• Taking the focus off the price of products.

Not surprisingly, these goals can also be accomplished through the same vehicles as channel and sales incentives.

  • An online reward platform;
  • Short-term promotions;
  • Group incentive travel; and
  • Individual reward fulfillment.

The same tools used with separate strategies can lead to substantial success with a customer loyalty program. To give you an idea of how they work, here’s another example.

Let’s say that you’re a distributor who has a group of top buyers that you want to recognize for their business. On top of this, you’d like to gather up and retain more of those small- to medium-sized customers — we call them your middle 60 percent — all while expanding the presence and mindshare of your brand.

Since you’ve bought in, you’ll have these vehicles at your disposal.

First, let’s knock those top performers out of the park. A group incentive travel program can be implemented to help with the retention and recognition of those top performers. Send them on a trip of a lifetime to Cabo, the Caribbean, or Europe. The destination you choose depends solely on how much you want to spend and the interests of your audience.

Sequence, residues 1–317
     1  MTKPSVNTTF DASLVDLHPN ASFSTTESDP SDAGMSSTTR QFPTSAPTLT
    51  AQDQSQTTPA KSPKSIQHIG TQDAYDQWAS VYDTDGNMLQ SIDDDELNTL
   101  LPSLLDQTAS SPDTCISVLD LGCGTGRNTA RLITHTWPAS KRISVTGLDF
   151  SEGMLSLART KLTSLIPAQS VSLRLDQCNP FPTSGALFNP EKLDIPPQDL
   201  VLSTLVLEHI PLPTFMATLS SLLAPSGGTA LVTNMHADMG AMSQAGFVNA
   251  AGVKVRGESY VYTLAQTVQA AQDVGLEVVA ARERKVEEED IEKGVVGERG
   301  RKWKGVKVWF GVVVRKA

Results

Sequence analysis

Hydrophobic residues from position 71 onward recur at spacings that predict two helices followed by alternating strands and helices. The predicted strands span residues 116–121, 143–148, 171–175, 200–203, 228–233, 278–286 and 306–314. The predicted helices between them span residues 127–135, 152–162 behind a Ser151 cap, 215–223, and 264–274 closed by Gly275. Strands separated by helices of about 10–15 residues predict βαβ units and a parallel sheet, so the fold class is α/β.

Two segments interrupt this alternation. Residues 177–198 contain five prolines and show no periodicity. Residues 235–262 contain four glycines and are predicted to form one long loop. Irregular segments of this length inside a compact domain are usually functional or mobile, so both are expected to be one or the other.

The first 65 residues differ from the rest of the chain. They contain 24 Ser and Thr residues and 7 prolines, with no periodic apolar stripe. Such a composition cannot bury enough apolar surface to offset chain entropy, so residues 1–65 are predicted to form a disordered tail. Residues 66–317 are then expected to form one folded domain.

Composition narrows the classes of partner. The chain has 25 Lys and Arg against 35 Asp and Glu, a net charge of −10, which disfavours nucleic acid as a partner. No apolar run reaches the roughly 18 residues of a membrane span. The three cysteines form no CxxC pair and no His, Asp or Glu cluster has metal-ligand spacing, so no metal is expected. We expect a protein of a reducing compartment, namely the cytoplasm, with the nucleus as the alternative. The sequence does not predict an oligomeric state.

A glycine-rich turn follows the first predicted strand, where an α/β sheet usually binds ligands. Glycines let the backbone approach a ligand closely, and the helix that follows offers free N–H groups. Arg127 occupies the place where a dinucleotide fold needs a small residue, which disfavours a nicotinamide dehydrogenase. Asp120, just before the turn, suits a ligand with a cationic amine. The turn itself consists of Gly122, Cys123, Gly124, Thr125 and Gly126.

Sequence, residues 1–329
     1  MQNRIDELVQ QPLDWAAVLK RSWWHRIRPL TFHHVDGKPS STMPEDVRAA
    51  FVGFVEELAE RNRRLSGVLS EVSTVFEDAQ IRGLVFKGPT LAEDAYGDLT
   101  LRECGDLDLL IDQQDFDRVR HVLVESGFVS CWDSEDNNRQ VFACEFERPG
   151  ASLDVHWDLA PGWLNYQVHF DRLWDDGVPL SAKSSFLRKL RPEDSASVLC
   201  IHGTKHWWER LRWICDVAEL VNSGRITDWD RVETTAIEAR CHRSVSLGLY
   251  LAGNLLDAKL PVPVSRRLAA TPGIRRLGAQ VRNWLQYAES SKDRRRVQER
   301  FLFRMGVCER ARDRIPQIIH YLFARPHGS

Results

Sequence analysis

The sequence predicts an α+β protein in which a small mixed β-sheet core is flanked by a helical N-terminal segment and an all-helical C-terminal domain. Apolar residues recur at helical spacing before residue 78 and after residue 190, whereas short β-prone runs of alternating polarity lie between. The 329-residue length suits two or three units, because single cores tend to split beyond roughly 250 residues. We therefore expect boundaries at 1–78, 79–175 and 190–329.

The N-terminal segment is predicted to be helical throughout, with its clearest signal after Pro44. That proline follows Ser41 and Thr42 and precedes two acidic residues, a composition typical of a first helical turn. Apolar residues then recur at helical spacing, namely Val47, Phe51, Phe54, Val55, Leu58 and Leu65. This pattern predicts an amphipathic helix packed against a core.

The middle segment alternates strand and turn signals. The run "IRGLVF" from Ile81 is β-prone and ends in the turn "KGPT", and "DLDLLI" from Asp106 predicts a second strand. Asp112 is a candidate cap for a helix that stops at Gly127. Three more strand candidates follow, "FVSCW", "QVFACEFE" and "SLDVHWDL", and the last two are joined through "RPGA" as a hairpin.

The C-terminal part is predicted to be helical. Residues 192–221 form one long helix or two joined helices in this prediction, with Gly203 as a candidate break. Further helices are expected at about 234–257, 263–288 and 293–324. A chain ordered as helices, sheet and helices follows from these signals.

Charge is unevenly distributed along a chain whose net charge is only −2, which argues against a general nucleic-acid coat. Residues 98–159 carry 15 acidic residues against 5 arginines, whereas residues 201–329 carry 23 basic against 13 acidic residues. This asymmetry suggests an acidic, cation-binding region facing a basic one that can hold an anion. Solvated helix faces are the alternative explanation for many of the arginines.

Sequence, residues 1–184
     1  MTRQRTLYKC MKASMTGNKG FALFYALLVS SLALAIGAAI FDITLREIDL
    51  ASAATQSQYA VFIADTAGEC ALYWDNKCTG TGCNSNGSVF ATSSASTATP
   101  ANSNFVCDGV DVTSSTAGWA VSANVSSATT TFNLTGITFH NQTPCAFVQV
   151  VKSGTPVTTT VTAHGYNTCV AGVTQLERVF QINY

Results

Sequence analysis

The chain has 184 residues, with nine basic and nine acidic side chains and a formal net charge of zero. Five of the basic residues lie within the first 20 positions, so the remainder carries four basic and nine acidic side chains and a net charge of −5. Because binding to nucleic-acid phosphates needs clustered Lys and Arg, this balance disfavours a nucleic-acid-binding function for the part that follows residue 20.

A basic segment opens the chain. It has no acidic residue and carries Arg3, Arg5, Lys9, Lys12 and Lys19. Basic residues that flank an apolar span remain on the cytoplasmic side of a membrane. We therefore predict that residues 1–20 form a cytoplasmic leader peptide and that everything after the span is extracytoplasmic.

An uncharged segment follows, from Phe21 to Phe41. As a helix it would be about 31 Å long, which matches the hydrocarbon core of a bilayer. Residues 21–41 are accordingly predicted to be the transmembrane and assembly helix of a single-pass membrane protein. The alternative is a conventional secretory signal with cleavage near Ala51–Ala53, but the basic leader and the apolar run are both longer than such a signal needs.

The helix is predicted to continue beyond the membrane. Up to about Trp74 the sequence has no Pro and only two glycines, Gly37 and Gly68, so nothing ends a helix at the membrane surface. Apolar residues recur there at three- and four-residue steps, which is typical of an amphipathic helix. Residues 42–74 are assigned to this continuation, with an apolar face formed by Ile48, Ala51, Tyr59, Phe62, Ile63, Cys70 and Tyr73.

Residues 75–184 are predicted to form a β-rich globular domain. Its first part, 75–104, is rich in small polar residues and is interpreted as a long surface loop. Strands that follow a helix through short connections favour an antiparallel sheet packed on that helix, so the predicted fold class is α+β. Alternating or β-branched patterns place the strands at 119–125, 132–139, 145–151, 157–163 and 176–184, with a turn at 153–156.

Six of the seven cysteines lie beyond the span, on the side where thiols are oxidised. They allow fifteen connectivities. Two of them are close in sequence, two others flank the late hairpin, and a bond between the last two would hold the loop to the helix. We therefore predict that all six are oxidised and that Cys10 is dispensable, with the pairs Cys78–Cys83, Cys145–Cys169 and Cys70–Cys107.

Next, let’s get to targeting that small- to medium-sized buying crowd. We have an e-book on this topic coming up, so watch out for that when it comes. Until then, here are some tips:

You can kill two birds with one stone for these customers. Using an online platform coupled with superb marketing, you can spread the word about your new program, which has been well integrated into your brand. Use your branded marketing tactics to drive traffic to your online platform.

Once they’re there and enrolled, you can reward them for their purchases by using an earning structure that fits your needs and budget and will drive results. One good way to retain those mid-tier buyers is to reward the ones that were just on the cusp of earning the group incentive travel trip but fell short with individual travel reward fulfillment they can redeem their points for.

Another great way to retain and maintain your middle 60 percent is to run short-term promotions using your online reward platform. These promotions can showcase special offers, certain manufacturers’ products, or new products. By providing rewards for the products your customers already need and use, you can create an engaging relationship and generate interest among the program participants for your business.


As you can see, there are a lot of options in the incentive space. All you need to do to figure out what kind of program is the right fit for you is identify your business goals and the vehicles you want to use. Then, once you’ve bought in on incentives, watch your numbers tick higher and higher.

Publication date: 04/03/18